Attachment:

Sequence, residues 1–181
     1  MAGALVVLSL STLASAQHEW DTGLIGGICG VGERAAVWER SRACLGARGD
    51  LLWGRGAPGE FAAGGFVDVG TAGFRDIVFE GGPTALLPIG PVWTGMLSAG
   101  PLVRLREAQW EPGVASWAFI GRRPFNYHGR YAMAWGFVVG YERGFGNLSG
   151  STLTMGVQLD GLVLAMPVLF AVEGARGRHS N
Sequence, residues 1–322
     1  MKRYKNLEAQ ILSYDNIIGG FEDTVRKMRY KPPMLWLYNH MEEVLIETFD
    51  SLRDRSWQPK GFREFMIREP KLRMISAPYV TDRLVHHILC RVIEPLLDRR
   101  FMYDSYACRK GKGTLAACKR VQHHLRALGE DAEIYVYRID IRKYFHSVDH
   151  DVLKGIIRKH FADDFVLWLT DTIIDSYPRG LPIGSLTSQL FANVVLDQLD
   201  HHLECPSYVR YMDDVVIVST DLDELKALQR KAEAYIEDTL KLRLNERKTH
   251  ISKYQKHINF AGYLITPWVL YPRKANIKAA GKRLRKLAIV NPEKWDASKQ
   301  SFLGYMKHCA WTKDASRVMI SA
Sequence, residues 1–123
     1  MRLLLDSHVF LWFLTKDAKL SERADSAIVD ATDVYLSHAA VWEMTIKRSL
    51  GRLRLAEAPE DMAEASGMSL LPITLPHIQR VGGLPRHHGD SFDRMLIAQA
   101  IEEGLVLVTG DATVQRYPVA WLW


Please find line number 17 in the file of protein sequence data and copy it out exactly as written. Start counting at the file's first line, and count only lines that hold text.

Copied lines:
   101  IEEGLVLVTG DATVQRYPVA WLW